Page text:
Enlarging and Reshaping the Boundaries of the European Union
Europe Unbound provides an analysis of the enlargement of the European Union and examines from both a theoretical and a political approach issues such as:
* Where does Europe end?
* Should Europe's borders be open or closed?
* How does the evolution of territorial politics impact on the course of European integration?
This book draws upon such diverse fields as History, Sociology, Political Science and International Relations and contains contributions from an international range of respected academics.
Table of Contents
1. Jan Zielonka Introduction: Boundary Making bu the European Union2. Charles S. Maier Does Europe Need a Border? From Territorial to Redistributive Community3. Pierre Hassner Fixed Borders or Moving Borderlands? A New Type of Border for a New Type of Entity4. Alina Mungiu-Pippidi Europe's Desert of Tartars' Challenge: Sensitive Borders of the Enlarged European Union5. William Wallace Where Does Europe End? Dilemmas of Inclusion and Exclusion6. Christopher Hill Geo-political Implications of Enlargement7. André Liebich Ethnic Minorities and the Long-term Implications of EU Enlargement8. Bruno de Witte Politics versus Law in the EU's Approach to Ethnic Minorities9. Ewa Morawska Transnational Migration in an Enlarged European Union10. Eberhard Bort Illegal Migration and Cross-Border Crime: Challenges at the Eastern Frontier of the European Union11. Didier Bigo Border Regimes, Police Co-operation and Security in an Enlarged European Union12. Malcolm Anderson The Future Border Regime of the European Union: Enlargement and Implications of the Amsterdam Treaty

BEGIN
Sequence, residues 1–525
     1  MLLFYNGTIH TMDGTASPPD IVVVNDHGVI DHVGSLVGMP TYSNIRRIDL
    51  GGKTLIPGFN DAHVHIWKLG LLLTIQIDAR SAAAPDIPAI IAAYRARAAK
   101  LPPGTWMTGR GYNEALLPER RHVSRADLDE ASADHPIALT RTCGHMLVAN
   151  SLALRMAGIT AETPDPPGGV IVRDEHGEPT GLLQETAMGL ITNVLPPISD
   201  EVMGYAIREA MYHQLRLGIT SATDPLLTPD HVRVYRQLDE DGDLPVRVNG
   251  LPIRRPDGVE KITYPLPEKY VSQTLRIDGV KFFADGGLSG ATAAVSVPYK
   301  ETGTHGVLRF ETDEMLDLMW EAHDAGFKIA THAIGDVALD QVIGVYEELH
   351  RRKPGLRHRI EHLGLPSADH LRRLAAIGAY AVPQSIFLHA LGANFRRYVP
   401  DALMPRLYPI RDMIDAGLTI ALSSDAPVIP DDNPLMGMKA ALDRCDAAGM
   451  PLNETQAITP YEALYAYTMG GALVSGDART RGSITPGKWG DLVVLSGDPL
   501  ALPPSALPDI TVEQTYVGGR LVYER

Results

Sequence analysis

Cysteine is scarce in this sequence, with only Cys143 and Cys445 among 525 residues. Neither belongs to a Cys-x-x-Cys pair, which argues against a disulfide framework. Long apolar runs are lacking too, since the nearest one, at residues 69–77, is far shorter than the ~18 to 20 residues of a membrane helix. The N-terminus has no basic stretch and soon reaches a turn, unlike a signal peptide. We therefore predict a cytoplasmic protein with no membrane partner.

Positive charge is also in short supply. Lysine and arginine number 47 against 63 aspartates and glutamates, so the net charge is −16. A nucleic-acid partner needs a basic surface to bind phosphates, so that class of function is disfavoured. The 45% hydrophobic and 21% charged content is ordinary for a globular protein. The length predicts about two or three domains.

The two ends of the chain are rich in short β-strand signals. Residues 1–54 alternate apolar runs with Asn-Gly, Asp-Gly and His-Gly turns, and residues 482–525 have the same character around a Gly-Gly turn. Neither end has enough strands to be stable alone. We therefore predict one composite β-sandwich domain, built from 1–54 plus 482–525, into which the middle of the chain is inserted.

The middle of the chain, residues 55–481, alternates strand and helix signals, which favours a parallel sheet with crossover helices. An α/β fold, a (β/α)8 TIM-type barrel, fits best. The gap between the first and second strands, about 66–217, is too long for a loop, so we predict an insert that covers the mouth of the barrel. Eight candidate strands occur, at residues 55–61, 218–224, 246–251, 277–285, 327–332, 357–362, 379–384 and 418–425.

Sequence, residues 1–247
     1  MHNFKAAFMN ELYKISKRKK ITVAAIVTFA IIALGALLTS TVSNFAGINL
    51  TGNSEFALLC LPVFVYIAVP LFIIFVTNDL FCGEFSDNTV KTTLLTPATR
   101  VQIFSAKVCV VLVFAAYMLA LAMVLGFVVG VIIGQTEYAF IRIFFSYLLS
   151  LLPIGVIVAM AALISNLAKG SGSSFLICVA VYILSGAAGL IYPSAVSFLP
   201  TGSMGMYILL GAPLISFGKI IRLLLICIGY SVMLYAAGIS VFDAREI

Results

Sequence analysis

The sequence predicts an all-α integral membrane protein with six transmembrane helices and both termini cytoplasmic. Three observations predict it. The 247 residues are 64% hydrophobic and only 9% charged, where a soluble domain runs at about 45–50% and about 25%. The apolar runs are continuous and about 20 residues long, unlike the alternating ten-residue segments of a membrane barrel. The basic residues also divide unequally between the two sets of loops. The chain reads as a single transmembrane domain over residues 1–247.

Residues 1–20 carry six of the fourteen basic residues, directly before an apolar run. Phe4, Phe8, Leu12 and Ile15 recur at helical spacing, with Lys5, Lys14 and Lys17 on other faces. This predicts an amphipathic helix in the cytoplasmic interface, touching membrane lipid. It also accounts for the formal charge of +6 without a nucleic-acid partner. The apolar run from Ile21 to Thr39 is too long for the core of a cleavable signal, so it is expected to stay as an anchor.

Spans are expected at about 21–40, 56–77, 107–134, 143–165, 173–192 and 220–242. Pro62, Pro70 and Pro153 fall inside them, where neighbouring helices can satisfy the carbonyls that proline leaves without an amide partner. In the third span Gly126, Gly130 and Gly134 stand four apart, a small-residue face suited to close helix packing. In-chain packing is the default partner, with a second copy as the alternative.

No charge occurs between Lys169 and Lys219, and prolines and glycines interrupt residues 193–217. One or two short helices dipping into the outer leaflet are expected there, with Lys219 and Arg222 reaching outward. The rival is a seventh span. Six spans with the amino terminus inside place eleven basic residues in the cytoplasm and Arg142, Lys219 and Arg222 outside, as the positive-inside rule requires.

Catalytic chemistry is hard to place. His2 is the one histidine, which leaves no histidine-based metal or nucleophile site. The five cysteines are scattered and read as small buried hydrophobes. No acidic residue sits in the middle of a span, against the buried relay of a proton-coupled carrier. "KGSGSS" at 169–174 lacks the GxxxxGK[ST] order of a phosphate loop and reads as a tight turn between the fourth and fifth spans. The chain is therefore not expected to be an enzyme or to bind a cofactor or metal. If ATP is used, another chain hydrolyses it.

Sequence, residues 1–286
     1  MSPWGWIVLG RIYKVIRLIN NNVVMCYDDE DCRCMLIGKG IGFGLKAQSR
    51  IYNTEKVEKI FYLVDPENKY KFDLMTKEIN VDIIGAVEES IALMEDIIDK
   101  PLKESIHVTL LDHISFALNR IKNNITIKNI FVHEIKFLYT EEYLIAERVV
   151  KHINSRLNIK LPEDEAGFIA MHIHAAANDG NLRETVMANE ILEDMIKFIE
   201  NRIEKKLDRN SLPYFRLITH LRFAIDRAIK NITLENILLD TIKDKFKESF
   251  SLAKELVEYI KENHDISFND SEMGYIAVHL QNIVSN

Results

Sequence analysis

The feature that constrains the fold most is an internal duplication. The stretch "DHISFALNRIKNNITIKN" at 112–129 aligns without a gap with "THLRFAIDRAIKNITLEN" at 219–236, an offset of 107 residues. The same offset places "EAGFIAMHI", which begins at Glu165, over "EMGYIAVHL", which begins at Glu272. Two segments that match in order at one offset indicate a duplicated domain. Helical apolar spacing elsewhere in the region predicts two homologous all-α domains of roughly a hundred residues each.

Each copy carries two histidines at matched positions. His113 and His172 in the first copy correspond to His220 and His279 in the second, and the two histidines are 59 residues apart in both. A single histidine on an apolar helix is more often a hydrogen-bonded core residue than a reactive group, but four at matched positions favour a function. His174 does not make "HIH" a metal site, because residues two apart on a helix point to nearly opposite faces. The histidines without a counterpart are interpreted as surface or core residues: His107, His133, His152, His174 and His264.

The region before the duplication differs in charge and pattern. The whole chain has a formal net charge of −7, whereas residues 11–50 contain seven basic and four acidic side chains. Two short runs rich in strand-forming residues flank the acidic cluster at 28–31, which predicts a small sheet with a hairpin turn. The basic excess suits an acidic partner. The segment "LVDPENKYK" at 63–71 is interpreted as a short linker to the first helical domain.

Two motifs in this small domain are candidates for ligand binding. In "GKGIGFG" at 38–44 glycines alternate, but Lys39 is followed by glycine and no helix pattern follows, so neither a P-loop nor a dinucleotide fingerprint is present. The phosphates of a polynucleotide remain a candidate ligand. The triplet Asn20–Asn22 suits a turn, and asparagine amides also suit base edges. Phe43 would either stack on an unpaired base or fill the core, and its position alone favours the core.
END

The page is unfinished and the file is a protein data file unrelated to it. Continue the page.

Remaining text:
Jan Zielonka is Professor of Political Science at the European University Institute at Florence, Italy. His recent books include Explaining Euro-Paralysis and Democratic Consolidation in Eastern Europe, Volumes 1 and 2.
"This collection of essays, bringing together a distinguished group of academics and researchers ... explores the notion of 'being European' in the twenty-first century by focusing on borders."
European Foreign Affairs Review, Vol. 9, Issue 2, Summer 2004